“What does it say about the state of our village, at a time when other communities are struggling to revive their downtowns that organizations are investing hundreds of millions of dollars right here in Mineola?” asked Mayor Scott Strauss during the annual state of the village address on September 18 at the village hall.
The overall consensus of the mayor’s speech – the second time that he had given the address – which lasted about 10 minutes in front of the various business, community leaders and other members of the village board, was that the village was “on solid financial ground,” but “we need to be cautious” in the use of the village’s unreserved fund as “we still face a significant increase in our healthcare costs as well as out pension fund requirement in the coming year and we have an unsettled employees union contract to deal with.”
“The last 18 months as your mayor have gone by tremendously fast,” Strauss said, recapping that the village had it’s bond rating raised, reaffirmed, and touching upon a litany of updates including construction projects relating to the downtown areas and the master plan, Bruce Terrace and steps the village had taken to address needs both fiscally and technological.
“I mentioned last year that this would allow us the opportunity to seek the refinancing of our loans and we did exactly that,” Strauss said of the refinancing of the village debt, which is expected to save $1.3 million. “This comes at a time when the federal, state and the county governments continue to face significant financial issues.”
In the downtown area the changes will render the old Mineola virtually unrecognizable. The new Winston and Churchill apartment projects will break ground soon while Winthrop has begun work on the new diabetes research center while the new Raines Building on the corner of Old Country Road and Mineola Boulevard has been completed with new businesses moving in beneath luxury apartments.
“These projects are advancing rapidly and will help boost the success of local businesses in our downtown area,” the mayor said.
While the project at the old Keyspan building is not underway, the mayor said that the village will continue to work with developers “to ensure their ideas and goals coincide with our desire to keep the Master Plan for our village on track.”
All of the new developments will afford the village incentive payouts to help beautify the surrounding neighborhoods and address the municipality’s infrastructure needs.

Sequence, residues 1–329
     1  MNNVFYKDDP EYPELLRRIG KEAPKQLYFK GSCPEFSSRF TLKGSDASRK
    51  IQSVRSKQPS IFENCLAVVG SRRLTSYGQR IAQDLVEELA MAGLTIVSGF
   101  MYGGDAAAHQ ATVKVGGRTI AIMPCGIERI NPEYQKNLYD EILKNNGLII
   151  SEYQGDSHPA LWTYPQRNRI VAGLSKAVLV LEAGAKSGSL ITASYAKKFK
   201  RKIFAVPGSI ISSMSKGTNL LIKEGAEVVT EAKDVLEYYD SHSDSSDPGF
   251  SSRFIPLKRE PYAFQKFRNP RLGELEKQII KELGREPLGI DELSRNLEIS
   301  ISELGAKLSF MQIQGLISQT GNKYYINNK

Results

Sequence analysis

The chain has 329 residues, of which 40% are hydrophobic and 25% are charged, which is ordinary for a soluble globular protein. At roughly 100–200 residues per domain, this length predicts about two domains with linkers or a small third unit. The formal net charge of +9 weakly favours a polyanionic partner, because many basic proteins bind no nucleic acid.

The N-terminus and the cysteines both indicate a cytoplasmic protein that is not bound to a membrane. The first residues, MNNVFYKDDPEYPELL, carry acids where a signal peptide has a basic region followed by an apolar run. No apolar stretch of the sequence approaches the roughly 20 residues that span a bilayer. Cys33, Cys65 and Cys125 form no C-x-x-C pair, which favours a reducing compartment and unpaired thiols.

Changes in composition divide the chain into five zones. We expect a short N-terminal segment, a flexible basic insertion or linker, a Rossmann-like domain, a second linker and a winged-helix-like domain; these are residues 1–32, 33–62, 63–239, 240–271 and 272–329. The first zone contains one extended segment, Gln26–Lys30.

“New equipment can be purchased, parks enhanced and beautification projects taken on without placing additional burdens on already-stressed taxpayers,” Strauss said.
One of those infrastructure projects which is critically needed is the Bruce Terrace flood mitigation project, the bids on which will be opened this week with ground anticipated to be broken in the next few months.
“This will bring much-needed relief to our neighbors in the Bruce Terrace area and the East Second Street commercial area,” Strauss said, adding his thanks to Sen. Jack Martins for help on another project, the repaving of Jericho Turnpike and expanding the scope of the work to include Mineola.
Minor by comparison but no less significant is the reconstruction of the gazebo in Memorial Park, design of which are currently being pursued with plans for construction to start in 2013. The village also launched its new website this year and installed solar panels on the department of public works garage, allowing it to sell power generated back to LIPA.
“We have fiscal challenges ahead of us but we will meet with them head on and deal with them responsibly,” Strauss said, noting that he has asked employees “to do more with less, and they have. I have tasked them with helping me find ways to improve our operations and they are doing so.”
“We have raised the bar for other communities to reach, we have made Mineola the place to seek out and live in and do business in,” Strauss said. “Let’s keep that going by working together, let’s continue to make Mineola the best it possibly can be. Mineola’s future is here and it is in our hands.”